We discussed the points in the sky called the Apex and Antapex of the Earth’s Way. They are the points ahead and behind, at a given moment, in our travel around the Sun. We had some fun with less intimidating names for them. At least, Shannon Templeton’s EDOT or Earth’s Direction of Travel is clear enough for the point ahead; for the rear-view point, I don’t think any of the suggestions so far will quite succeed in superseding that resoundingly popular term, that phrase on everyone’s lips, the Antapex of the Earth’s Way.
There is another possibility, as you’ll see at the end of this: the Earth’s Quit.
But I like to include the word “Way.” Why? It was the handy syllable I found, back when I was trying to work out how to plot the motions of the stars. One often needs a group of letters, as short as possible, for tracing a concept through a mass of programming (maybe to find where it is going wrong).
Just as the Earth has a Way, with a forward and a backward direction, so does the Sun and so do the other stars.
Here is how the stars are moving.
This picture has to be rather large; I hope you can zoom in on it; I’m also putting it into a bonus “Deeper Space” page in “Astronomical Calendar 2017” (see the links above), where it is in a form that you can enlarge.
The stars shown are a very few of those around us. They are those that are in the “top twenty” of apparent magnitude (brightness as seen from Earth) and are within about 100 light years from us. That is why they crowd toward the middle: the Sun and its neighbors such as Alpha Centauri are relatively small stars, appearing so bright only because of their nearness. Outside the sphere of space shown are giant stars that are bright for us despite their distance, such as Canopus, Betelgeuse, Rigel, and Deneb.
But it’s clear which way we’re all going.
The grid lines serve to show the scale: they are 50 light years apart. They are drawn on the equatorial plane (in which Earth rotates); I could have added the ecliptic plane (in which the Sun’s little family revolves) but that might be confusing.
The labels at the ends of some grid lines (they’re painted on the inside of the imaginary sphere) are the cardinal directions, 0 and 6 and 12 and 18 hours of right ascension, so they tell you which way everything is oriented. 0h, to the right, is the reference direction, the vernal equinox (toward which we face the Sun on March 20).
The hoop made of dots represents the plane of our Milky Way galaxy.
The arrows from the stars represents their motions to where they will be 100,000 years into the future, relative to their present position in the galaxy.
They are in orbits around the center of the galaxy, to which the red arrow points. The galaxy as a whole is rotating that way – clockwise as seen from what we call north (in contrast with the solar system’s counterclockwise-as-seen-from-north rotation).
The stars’ journeys must be slightly curving, but the difference from straightness would be far too small to notice, because 100,000 years is a tiny fraction of their orbital periods of somewhere around 225,000,000 years (the “galactic year”).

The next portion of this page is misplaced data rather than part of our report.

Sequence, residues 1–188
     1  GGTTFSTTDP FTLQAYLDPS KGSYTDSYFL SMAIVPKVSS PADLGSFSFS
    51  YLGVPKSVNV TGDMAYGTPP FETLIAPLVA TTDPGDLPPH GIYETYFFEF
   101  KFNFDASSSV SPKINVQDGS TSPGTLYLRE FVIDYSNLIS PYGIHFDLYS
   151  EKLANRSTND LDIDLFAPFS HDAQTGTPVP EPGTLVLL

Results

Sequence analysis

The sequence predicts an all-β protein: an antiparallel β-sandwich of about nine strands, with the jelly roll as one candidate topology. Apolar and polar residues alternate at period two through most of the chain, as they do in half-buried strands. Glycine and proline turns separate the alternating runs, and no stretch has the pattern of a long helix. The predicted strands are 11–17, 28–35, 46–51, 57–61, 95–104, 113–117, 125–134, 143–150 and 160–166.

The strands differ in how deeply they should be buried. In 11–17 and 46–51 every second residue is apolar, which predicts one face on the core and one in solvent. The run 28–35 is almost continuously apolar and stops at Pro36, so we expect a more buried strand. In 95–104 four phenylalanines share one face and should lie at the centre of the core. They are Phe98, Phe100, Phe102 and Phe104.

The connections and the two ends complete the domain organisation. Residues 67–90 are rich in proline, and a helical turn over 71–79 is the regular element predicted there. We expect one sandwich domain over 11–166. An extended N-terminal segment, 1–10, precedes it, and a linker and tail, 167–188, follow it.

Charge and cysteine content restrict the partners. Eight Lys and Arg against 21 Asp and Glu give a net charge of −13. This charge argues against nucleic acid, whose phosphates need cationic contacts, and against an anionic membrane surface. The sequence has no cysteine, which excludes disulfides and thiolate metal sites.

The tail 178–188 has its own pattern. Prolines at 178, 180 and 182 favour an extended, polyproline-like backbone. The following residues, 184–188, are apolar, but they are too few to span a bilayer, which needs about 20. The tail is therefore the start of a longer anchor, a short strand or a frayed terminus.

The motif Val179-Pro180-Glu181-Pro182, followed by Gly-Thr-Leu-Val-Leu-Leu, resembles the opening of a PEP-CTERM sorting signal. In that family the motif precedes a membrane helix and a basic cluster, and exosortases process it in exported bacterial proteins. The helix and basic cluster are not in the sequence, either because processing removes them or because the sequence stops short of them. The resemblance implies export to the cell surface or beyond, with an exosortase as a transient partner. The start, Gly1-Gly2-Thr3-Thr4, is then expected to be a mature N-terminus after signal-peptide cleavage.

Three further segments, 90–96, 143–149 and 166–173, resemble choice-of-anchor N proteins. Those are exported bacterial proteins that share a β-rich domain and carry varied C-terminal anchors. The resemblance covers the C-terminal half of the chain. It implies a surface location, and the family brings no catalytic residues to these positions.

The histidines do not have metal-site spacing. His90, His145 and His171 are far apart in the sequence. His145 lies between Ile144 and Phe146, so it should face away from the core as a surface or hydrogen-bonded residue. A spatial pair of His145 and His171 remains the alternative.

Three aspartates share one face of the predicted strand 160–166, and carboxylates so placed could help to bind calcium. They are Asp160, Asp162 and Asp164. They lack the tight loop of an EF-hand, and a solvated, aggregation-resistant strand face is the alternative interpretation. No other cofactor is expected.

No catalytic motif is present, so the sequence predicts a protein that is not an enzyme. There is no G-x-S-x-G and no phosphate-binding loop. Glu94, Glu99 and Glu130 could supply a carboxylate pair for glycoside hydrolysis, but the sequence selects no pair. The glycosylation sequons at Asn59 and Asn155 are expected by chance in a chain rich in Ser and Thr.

Actually some different kinds of motion are involved.
One is the collective motion of this part of the galaxy, in the galactic plane and at 90° to the galactic center. If we were showing this, the arrows would all be parallel. This average motion is indicated by the orange arrow at upper right.
But each star has its own slightly different motion. It may be, in this part of its orbit, drifting slightly inward or outward, northward or southward, and slower or faster than the Sun is. Astronomers can observe and measure this. Thus for each star there is a “proper motion in right ascension” and “proper motion in declination”; in other words, change of position per year on our map of the sky; measured in seconds of right ascension or declination, because it is very small for nearby stars and even smaller for distant ones. And there is its radial velocity, that is, movement toward or away from us, in kilometers per second of time, found from the shifting of lines in its spectrum. Putting these together, we can find the star’s spatial change of position, relative to us, per year. I’ve used the figures given in the Hipparcos catalogue.
Then there is the Sun’s own motion relative to the local swarm. It is represented by the yellow arrow.
So we can talk of two kinds of apex (I leave it to you whether to say “apices” or “apexes”), two kinds of ahead-point. One is the Apex of the Stars’ Way, which has to be in the galactic equator and 90° from the galactic center. The orange arrow points to it. The other is the Apex of the Sun’s Way, to which the yellow arrow points.
Where are these on the map of the sky? The first (galactic latitude 0, longitude 90) corresponds to right ascension 21h 12m, declination +48° – in Cygnus, not far from Deneb. The Apex of the Sun’s own Way is at 18h 06m +30° – in Hercules but not far from another brilliant star, Vega in Lyra.
So we are aiming, in the present part of our rather sinuous galactic orbit, toward where Vega is now. But in the longer term, we and our neighbors are destined to be about where Deneb is now – more than three million years into the future. For Deneb is thought (with a good measure of unsurprising uncertainty) to be around 3,000 light years away, so that, to be the twentieth brightest star in our sky, it must be one of the most luminous supergiants in the galaxy. Amazing to have such a beacon to mark our destiny ahead.
There is more about the stars’ Way in the Astronomical Companion, near the beginning of the section called “Outrush.”
Oh, and the point about opposite to Vega on the celestial sphere, in the northeast corner of the constellation Columba the “Dove” and not far southwest of Sirius, is the Antapex of the Sun’ Way. But it also has been called by a phrase that sounds so traditional as to be almost Chaucerian: the Sun’s Quit.